What’s so important about glucose 6-phosphate anyway?

When your cells are in a low-energy state, they are hungry.

  • Free glucose is converted to glucose 6-phosphate (G6P) by hexokinase/glucokinase (1). The reaction requires an investment of 1 ATP molecule, but effectively traps glucose within the cell (1).
  • Glycogen is broken down to G1P and subsequently G6P (2p80-81). The G6P can then be used in metabolic pathways or, in the liver and kidneys, be converted back to glucose (2p80-81).
  • In a hypoglycemic state, G6P can also formed from gluconeogenesis from non-carbohydrate sources (2p98).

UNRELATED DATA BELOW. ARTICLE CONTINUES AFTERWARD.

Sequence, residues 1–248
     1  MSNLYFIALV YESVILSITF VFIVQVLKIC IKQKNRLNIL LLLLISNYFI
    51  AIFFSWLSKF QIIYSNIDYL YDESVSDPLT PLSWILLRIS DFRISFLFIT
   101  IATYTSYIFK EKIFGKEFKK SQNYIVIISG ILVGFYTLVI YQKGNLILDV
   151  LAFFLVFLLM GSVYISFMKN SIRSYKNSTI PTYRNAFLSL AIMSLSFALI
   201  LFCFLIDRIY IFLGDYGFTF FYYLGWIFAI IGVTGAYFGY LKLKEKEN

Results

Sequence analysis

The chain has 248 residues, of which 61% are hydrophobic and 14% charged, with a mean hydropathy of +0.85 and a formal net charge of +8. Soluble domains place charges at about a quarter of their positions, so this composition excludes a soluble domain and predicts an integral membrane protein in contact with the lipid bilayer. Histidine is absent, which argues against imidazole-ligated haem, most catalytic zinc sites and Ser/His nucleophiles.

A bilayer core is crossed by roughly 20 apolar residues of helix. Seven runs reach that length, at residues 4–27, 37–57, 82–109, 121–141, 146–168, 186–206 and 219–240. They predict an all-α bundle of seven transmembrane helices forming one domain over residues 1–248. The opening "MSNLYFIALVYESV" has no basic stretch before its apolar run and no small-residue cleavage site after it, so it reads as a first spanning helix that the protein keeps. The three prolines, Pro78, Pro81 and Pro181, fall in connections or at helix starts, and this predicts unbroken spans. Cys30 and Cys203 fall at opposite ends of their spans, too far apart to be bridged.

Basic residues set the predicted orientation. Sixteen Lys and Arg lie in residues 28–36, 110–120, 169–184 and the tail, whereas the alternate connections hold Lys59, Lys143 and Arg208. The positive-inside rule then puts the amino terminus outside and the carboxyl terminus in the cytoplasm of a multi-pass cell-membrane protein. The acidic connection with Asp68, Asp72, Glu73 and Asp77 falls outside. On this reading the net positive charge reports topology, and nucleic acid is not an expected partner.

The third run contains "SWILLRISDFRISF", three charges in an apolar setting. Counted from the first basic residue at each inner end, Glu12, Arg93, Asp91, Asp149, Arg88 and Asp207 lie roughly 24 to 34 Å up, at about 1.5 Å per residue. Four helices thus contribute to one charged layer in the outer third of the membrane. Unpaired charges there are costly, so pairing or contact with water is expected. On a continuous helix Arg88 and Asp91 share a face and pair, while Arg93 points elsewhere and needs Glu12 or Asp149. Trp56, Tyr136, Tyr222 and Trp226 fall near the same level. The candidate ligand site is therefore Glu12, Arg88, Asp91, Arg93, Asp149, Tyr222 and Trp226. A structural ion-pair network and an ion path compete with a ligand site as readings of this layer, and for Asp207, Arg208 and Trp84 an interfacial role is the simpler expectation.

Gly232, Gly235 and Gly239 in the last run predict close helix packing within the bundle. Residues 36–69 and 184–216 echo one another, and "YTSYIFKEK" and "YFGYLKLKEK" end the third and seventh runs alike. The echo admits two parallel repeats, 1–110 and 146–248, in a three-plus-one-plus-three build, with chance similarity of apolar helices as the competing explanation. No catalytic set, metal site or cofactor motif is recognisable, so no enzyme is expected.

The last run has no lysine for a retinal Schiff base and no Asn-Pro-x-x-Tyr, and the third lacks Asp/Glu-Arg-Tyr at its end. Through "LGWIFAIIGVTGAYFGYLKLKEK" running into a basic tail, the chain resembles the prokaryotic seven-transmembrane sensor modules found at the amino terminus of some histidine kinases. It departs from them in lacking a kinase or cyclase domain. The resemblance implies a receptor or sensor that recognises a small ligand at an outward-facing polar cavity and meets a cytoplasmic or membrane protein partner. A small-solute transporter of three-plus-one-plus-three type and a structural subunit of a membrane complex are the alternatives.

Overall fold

G6P can then enter glycolysis to produce ATP or, if biosynthesis is needed, the hexomonophosphate shunt to produce NADP for fatty acid synthesis (2p84;95).

In a high-energy state (when cells are not hungry), G6P plays a role in the following.

  • G6P negatively modulates the hexokinase/glucokinase reaction (2p84).
  • G6P enters glycogenesis producing glycogen for storage of glucose (2p99). Glucose is now believed to enter glycogenesis via gluconeogenesis, first converting to lactate, taken up by the liver and converted to G6P (2p99).

Reference List

1.Dennison KJ, Topping J, Caret RL. General, Organic, and Biochemistry. New York: McGraw-Hill, 2007.
2.Gropper SS, Smith JL, Groff JL. Advanced Nutrition and Human Metabolism. Belmont, CA: Thomson Wadsworth, 2009.

Note: Here’s a neat animation: http://www.science.smith.edu/departments/Biology/Bio231/


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